Saturday, April 17, 2010

Resquiat in Pacem: Eddie Cochran (1938 - 1960)

Fifty years ago today, on April 17, 1960, Eddie Cochran, a true rock and roll pioneer, died as a result of an automobile accident the previous day. Much can and has been said about his influence on the then nascent rock and roll genre. As of this writing, his Wikipedia entry notes:
It was because Paul McCartney knew the chord and words to "Twenty Flight Rock" that he became a member of The Beatles. John Lennon was so impressed that he invited Paul to play with his band, The Quarrymen. Jimi Hendrix performed "Summertime Blues" early in his career, and Pete Townshend of The Who was heavily influenced by Cochran's guitar style ("Summertime Blues" was a Who live staple at one time and is featured on their Live At Leeds album). Glam rock artist Marc Bolan had his main Les Paul model refinished in a transparent orange to resemble the Gretsch 6120 guitar played by Cochran, who was his music hero. He was also a heavy influence on the nascent rockabilly guitar legend Brian Setzer from Stray Cats, who plays a 6120 just like Cochran, whom he portrayed in the film La Bamba. Cochran is easily one of the first musicians, alongside Chuck Berry, that the late Rory Gallagher was always quick to mention as a strong influence on his musical taste and performance.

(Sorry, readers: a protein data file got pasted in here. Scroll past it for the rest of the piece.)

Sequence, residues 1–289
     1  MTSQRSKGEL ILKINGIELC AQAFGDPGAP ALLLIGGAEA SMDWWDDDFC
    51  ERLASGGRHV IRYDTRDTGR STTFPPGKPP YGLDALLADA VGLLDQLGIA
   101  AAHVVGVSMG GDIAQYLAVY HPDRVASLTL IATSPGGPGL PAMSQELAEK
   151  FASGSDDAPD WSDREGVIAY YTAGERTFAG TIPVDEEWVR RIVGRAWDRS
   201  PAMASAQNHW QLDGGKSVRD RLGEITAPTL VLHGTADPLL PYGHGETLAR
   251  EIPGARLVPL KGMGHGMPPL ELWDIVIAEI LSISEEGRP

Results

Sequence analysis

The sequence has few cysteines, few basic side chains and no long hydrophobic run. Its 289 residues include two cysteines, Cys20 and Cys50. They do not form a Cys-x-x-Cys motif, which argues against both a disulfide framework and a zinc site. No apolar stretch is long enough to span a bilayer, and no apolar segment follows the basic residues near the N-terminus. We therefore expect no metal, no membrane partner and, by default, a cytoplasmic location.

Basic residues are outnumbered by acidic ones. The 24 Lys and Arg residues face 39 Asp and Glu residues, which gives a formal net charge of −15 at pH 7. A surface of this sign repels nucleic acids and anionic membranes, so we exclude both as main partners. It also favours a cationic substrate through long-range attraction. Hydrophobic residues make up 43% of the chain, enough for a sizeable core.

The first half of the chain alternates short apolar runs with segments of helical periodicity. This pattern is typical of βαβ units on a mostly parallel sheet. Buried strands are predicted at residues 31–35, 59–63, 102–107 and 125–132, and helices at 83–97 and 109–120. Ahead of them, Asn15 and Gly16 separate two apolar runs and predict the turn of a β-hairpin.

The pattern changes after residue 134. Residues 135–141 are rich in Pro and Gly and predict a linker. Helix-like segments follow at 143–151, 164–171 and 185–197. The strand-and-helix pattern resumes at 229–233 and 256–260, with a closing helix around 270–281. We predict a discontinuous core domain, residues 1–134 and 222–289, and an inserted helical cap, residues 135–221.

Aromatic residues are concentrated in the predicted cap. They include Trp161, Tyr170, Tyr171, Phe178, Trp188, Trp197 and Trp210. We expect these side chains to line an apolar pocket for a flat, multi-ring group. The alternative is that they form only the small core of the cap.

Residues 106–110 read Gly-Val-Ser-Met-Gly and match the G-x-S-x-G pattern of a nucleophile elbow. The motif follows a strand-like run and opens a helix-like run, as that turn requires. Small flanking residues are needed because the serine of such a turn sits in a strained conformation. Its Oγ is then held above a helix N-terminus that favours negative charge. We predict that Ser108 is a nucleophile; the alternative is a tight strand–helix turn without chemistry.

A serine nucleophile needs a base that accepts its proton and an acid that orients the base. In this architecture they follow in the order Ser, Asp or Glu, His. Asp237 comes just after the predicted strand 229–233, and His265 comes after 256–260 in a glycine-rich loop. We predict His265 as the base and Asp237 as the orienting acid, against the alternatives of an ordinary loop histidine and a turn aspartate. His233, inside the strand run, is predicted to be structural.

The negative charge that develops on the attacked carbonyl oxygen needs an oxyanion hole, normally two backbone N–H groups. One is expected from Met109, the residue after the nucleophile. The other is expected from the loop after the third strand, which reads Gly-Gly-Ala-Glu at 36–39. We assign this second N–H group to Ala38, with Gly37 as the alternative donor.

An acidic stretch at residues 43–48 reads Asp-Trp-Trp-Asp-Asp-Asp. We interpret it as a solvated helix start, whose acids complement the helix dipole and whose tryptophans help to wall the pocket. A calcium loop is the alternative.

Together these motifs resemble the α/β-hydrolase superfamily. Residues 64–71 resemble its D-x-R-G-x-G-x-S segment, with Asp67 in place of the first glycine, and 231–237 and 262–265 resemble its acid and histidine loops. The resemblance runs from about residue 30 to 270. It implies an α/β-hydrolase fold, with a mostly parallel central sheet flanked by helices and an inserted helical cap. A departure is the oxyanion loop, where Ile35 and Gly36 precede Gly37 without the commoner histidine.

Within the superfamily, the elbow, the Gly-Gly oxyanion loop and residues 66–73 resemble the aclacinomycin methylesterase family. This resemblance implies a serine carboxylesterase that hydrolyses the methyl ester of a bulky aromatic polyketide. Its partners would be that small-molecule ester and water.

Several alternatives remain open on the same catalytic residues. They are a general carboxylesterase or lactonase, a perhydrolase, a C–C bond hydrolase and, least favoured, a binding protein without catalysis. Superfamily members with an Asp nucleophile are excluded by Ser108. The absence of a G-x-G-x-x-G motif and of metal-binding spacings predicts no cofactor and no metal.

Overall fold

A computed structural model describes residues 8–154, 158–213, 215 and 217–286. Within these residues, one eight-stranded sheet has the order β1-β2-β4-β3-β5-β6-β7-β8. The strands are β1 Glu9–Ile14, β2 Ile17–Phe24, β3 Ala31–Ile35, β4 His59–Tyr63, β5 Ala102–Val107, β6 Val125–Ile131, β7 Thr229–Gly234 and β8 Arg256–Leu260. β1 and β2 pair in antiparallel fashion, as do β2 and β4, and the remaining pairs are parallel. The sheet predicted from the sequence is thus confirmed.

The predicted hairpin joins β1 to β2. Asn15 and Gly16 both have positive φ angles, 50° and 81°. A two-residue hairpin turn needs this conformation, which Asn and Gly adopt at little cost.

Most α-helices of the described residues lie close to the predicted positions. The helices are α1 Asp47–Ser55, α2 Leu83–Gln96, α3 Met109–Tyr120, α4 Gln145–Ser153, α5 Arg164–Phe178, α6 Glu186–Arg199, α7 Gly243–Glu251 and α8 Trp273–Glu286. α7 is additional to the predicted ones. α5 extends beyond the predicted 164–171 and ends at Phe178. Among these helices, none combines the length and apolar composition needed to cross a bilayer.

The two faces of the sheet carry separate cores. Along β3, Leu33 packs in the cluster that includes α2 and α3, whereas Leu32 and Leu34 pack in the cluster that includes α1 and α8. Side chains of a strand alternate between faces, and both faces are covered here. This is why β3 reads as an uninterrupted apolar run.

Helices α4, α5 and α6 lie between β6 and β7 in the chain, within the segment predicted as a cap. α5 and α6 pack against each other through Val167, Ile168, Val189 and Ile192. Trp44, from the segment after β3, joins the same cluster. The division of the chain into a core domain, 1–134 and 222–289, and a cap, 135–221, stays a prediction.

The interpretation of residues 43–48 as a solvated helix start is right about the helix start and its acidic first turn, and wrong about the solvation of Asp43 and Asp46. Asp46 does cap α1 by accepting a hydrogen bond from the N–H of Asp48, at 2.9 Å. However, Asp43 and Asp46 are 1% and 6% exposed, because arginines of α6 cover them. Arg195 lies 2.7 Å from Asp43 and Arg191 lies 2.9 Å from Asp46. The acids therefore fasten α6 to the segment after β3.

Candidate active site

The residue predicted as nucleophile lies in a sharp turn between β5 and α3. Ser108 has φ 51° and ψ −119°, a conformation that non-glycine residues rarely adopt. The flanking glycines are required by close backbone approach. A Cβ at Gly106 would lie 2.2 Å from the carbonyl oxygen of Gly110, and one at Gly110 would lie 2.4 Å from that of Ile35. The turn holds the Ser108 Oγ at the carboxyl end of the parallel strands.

Today, in 2010, it's Saturday, so to celebrate the life and music of Cochran, go find yourself a copy of his "C'Mon Everybody," "Summertime Blues," or "Twenty Flight Rock," and blast them from your car stereo or iPod. Without Cochran, who knows what rock and roll would be now, if anything? Resquiat in Pacem.

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